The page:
Benign familial infantile epilepsy (BFIE) has been recognized for some time as infantile seizures, without fever, that run in families but the cause has thus far eluded researchers. However clinical researchers at the University of Melbourne and Florey Neurosciences Institute and molecular geneticists at the University of South Australia have discovered a gene.
There are no any disease that are associated with Epilepsy. Seizures is a disorder that is caused by overexcited nerve cells that is found in the brain that may cause abnormally. Researcher are of the view that in many instances the cause of the Seizure isn’t known. Some causes of Seizure include Head injury, Dementia, meningitis, Genes, Injury to the brain before birth, stroke, Tumors, Infections, Toxic causes, heart atteck, and some other medical condition.
And It Gets Even Better…
Seizure is classified in two parts that is Partial seizures and Generalized seizures. Partial seizures may include the portion of brain and it further divided into Simple partial seizures, its symptoms may include involuntary twitching of muscles, vision problem, experiencing unusual taste and smell. Complex partial seizures is also catageized under Partial seizures, its symptoms are same as of the Simple partial seizures. Another category of seizure is Generalized seizures, it involve much more some of the brain. They can be Absence seizures, Myoclonic seizures and Tonic-clonic seizures.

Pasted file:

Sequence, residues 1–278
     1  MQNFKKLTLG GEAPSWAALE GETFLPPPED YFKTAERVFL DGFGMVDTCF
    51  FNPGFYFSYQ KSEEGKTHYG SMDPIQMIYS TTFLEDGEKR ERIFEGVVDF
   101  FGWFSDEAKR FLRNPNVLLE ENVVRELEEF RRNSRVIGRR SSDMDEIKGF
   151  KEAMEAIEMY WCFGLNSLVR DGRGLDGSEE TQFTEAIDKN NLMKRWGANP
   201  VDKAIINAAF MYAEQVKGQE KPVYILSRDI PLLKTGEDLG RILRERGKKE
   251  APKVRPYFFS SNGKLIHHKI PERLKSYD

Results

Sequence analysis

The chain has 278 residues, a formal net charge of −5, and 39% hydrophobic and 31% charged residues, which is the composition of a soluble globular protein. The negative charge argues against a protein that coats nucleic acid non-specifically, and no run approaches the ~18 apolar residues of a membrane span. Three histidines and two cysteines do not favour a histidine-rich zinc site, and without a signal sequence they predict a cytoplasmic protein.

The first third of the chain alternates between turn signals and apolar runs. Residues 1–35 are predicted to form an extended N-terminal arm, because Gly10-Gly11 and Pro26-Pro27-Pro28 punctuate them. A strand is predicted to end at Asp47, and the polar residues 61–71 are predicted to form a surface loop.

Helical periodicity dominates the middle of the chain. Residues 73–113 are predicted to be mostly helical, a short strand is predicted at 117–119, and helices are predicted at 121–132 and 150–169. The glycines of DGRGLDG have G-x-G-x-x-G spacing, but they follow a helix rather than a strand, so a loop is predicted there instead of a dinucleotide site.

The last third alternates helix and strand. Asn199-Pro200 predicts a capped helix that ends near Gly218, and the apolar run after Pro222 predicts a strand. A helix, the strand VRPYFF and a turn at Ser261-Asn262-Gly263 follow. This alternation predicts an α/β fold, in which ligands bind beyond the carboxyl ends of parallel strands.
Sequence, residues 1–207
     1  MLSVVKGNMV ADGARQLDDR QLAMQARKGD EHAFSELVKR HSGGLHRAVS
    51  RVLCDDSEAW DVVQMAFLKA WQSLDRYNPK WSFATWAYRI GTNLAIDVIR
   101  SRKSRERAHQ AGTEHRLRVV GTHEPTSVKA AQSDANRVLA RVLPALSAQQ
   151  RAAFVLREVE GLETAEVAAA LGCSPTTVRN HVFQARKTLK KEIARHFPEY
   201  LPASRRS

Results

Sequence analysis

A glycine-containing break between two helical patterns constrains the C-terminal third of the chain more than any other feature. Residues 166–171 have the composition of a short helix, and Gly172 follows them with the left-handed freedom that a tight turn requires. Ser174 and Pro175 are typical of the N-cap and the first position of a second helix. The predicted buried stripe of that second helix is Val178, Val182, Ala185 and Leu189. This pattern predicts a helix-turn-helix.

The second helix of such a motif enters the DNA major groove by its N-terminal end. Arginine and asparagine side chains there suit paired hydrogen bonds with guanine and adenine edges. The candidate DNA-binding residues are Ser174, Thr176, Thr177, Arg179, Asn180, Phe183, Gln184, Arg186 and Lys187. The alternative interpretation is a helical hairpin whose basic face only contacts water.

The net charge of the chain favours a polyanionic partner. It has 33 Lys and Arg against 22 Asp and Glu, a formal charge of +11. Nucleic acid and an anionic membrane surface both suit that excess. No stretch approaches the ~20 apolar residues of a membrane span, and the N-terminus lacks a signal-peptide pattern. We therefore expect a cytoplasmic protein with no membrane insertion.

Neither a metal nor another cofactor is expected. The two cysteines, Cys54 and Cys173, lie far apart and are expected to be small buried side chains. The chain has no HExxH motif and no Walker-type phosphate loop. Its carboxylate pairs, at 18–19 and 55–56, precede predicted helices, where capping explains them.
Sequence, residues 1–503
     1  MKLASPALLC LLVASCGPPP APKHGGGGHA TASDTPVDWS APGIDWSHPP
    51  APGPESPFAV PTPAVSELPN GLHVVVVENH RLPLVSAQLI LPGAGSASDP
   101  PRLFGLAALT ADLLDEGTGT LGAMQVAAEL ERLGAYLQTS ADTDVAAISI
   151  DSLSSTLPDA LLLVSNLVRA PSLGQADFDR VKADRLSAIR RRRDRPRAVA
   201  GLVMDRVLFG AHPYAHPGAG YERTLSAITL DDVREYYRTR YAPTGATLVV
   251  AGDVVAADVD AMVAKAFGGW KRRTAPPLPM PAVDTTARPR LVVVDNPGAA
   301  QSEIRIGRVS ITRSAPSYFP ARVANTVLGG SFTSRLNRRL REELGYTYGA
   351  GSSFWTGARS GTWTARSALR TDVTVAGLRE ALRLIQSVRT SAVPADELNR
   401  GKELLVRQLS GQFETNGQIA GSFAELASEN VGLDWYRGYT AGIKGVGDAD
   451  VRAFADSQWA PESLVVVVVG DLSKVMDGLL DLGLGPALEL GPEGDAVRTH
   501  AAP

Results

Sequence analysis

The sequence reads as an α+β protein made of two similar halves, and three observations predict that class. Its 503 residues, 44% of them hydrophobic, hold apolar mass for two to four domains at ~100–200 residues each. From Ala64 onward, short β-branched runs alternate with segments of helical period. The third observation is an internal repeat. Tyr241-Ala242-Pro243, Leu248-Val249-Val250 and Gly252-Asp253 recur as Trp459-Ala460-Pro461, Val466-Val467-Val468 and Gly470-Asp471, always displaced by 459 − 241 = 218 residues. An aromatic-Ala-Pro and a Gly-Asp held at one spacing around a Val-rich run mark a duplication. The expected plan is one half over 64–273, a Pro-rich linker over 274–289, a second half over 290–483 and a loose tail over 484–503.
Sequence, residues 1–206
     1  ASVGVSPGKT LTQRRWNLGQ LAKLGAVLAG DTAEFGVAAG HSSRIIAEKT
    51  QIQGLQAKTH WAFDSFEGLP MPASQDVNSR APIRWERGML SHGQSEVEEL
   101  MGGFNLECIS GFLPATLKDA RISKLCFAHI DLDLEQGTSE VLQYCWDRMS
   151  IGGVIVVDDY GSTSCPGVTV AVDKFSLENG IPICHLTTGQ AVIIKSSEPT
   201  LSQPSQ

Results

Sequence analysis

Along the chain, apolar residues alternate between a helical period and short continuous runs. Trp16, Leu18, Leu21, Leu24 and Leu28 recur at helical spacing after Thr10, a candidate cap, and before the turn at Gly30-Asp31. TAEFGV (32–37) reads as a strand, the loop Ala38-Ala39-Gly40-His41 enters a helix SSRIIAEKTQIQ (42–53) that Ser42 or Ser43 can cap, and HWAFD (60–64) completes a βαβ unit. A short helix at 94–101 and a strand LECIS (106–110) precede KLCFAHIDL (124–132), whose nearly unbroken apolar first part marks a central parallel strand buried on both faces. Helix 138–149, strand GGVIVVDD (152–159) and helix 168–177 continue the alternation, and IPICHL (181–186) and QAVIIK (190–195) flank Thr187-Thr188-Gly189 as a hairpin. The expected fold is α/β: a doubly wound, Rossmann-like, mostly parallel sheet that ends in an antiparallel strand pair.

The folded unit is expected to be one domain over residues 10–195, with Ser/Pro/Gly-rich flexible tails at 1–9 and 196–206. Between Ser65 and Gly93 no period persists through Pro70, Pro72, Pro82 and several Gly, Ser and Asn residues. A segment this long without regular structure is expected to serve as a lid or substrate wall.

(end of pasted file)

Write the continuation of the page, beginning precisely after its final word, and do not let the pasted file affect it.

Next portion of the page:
BFIE is a disorder which place turkey in previously healthy infants who’re developing normally. Seizures commence when a baby is about six months old and stop by the minimum age of two years. BFIE is a rare form of epilepsy with the Australian researchers having studied about 40 families from all over the world. Some of the children with this gene abnormality develop an unusual movement disorder later in childhood or adolescence called Paroxysmal Kinesigenic Choreoathetosis (PKC).
Benign familial infantile epilepsy (BFIE) is a self-limited seizure disorder of infancy with autosomal dominant inheritance. We have identified heterozygous mutations in PRRT2. This encodes Proline Rich Transmembrane protein 2, in fourteen of seventeen families (82%) with BFIE, indicating that PRRT2 mutations are the most common cause of this disorder. We also report PRRT2 mutations in five of six (83%) families with Infantile Convulsions and Choreoathetosis (ICCA) syndrome, a familial syndrome in which infantile seizures and an adolescent onset movement disorder, paroxysmal kinesigenic choreoathetosis (PKC), co-occur. These findings show that mutations in PRRT2 causes both epilepsy and a movement disorder. Furthermore, PRRT2 mutations elicit pleiotropy both in terms of age of expression (infantile versus later childhood) and in anatomical substrate (cortex versus basal ganglia).